Franny Owen has done many things extremely well in her career but she has found her metier in studio ceramics which she returned to relatively recently and is making with exceptional passion and fine results. Her clear idea of what she wants to achieve is matched by a fluent and exciting ability.
Franny studied Visual Communications at the London College of Printing and then worked as painter and filmmaker Derek Jarman’s PA during the early development of his film Caravaggio. During her career in TV she progressed from Researcher to Associate Producer in arts documentaries until the arrival, in quick succession, of her three daughters. While they were small Franny took a pottery course at City Lit.
In 1998 Franny and her family moved from London to South Somerset and then to Lyme Regis, where Franny established The Broad Street Restaurant. In 2010 the family moved to Bridport and Franny took an MA at The Tavistock Centre in London, following which she worked as an Independent Advocate.
In 2016, inspired by a trip to Japan, Franny resolved to get back to ceramics and took classes with Tim Hurn at Bettiscombe, Hector Mavridis in Thessaloniki and a masterclass with Akiko Hirai at Lisa Hammond’s Maze Hill studio. Since 2017 Franny has focussed on developing her ceramic practice in Bridport.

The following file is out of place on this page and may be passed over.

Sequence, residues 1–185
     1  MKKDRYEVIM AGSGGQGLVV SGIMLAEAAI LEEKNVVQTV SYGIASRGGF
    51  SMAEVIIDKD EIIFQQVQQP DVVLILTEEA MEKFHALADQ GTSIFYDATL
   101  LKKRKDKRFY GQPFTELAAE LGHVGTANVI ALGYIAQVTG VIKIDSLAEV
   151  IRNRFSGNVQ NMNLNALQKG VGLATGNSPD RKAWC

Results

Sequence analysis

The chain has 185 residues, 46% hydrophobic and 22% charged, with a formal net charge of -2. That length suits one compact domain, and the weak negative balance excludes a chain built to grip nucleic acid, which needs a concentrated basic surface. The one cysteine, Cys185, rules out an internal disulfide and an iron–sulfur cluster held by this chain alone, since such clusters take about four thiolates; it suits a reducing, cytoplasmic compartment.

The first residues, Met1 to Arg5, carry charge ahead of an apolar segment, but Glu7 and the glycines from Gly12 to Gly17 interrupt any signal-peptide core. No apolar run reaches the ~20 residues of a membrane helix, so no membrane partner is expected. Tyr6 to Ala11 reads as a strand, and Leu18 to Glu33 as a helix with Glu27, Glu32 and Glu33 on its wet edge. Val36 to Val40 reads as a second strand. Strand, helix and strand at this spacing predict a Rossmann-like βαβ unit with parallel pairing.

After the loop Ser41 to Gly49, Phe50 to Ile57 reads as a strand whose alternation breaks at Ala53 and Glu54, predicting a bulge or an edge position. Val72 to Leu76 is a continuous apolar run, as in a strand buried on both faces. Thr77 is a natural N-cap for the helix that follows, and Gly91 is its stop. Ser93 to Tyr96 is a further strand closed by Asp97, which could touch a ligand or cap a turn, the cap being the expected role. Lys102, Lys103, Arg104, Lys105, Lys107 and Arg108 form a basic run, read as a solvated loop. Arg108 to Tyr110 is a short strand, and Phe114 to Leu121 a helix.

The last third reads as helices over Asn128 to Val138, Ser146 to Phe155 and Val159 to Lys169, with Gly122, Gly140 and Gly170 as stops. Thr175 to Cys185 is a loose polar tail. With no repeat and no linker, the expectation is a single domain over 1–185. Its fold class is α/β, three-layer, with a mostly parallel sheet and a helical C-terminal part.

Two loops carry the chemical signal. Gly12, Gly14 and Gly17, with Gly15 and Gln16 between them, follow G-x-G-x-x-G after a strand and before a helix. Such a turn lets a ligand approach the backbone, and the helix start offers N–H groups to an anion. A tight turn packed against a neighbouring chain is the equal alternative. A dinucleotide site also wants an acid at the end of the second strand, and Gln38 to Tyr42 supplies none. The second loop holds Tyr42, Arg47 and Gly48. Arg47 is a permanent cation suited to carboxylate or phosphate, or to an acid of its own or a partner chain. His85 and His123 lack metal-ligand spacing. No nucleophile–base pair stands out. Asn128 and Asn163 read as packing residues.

“Currently I make vessels because they are a foundational form, integral to our human narrative and I am interested in ideas of containment. As an Independent Advocate I spoke up emphatically for the people I supported and now my vessels speak quietly for themselves. I intend the tactile qualities of my work for everyday use, and for the presence of a decorative piece to have emotional resonance. I am aiming to create moments of beauty that evoke visceral feelings of pleasure.”
Franny’s work can be viewed below and bought over the phone t: 44 (0)1308 459511 or by email email@example.com. We are happy to ship ceramics which we send very well packed but not insured in order to keep costs down. Please note measurements are of height by diameter at its highest and widest point.